Additive manufacturing is not only suitable for small and filigree structures. Gefertec manufactured a 170kg stainless steel part for the Institute of Fluid Mechanics and Hydraulic Machinery at the University of Stuttgart, resulting in both time and cost advantages for a hydroelectric project.
By Rebekka Jurtz, Sales Manager at Gefertec GmbH and Jörg Lantzsch, Journalist, Agentur Dr. Lantzsch
The increased use of hydropower is one of the building blocks on the path to the energy transition. Increasing the efficiency of hydroelectric power plants in large operating areas can make an additional contribution. A group at the University of Stuttgart is researching this field and testing fluid flow machines for hydropower technology. A key approach: the investigation of the dynamic behaviour of fluid flow machines under extreme off-design operating conditions.
A challenging geometry
IKR GmbH was commissioned with the engineering and implementation of the test stand. The company, which belongs to the ERBUD Group, specialises in piping and plant construction. However, during the procurement process, the company was confronted with prohibitive costs and long delivery times for the bellmouth intake. The long delivery time would have delayed the commissioning of the installation.
“The geometry of the component is unusual and poses a real challenge for production,” explains Tino Bock, who accompanied the project as a planner at IKR. The diameter of the bellmouth intake, which must be made of stainless steel, increases from 650 mm on the flange side to 850 mm in a continuous curve. Manufacturing this component by machining would have required a high machining volume, even if a suitably thick-walled tube were available as the starting material. It would have been an expensive and very lengthy process to procure and process the raw material.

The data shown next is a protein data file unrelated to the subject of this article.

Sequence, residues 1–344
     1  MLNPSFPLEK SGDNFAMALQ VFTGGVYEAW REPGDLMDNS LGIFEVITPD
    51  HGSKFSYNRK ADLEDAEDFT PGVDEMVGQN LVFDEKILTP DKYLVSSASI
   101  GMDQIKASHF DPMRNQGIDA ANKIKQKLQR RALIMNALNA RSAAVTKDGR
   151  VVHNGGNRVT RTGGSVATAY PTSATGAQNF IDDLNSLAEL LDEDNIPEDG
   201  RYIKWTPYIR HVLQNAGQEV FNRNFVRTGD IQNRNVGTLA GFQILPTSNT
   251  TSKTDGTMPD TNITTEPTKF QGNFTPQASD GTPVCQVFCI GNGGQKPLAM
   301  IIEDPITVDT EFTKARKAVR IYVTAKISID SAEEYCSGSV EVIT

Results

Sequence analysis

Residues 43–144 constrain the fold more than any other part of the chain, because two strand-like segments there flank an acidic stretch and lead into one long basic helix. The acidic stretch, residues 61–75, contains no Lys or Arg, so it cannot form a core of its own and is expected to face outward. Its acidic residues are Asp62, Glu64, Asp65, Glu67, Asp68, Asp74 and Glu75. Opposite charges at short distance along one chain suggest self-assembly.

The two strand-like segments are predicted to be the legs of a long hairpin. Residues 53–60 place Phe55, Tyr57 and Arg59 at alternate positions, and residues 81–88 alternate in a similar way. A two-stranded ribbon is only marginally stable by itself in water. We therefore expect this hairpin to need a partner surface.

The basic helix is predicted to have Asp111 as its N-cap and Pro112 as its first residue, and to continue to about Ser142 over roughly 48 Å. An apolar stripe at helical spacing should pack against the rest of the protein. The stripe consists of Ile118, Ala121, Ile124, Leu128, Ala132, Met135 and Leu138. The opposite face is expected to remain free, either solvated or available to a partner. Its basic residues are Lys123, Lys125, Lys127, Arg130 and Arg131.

AM as an alternative
In the search for an alternative manufacturing option, the staff at IKR investigated the possibility of having the component produced using additive manufacturing. This manufacturing technology offers an interesting alternative, particularly when demand is not predictable and the quantities required are low. Small batch sizes and components that are needed quickly are often associated with excessive costs and long delivery times in conventional production.
In general, additive manufacturing can achieve significant material savings compared to subtractive processes. And processes that can produce large components in a reasonable amount of time are now available.
“We directed our inquiry to Gefertec, which produces machines that work with Wire Arc Additive Manufacturing (WAAM),” Tino Bock reports. The Berlin-based company offers complete manufacturing systems for metal 3D printing based on this process (see text box).
The machines combine traditional gas metal arc welding with special process expertise for the additive construction of components, a robust machine system, integrative CAM software and process-related quality assurance. The robust process enables high build rates, and wire from all relevant metal alloys material is easily and inexpensively available as starting material. In additive manufacturing using WAAM, the machines manufacture a near-net-shape blank that is then given its final shape by further mechanical processing. This process is also suitable for large components of up to one cubic meter. Products suitable for manufacturing inexpensively and quickly using WAAM can be found in various industries, including mechanical engineering, plant construction, oil & gas, and the naval industry.
Feasibility study and contract manufacturing
Gefertec not only offers the machines that work using the WAAM process but can also carry out feasibility studies on the use of the process in its Application Center. The customers’ requirements are analysed in detail and then the component production is implemented on the arc machines. The fulfilment of the material and application-specific requirements are also checked.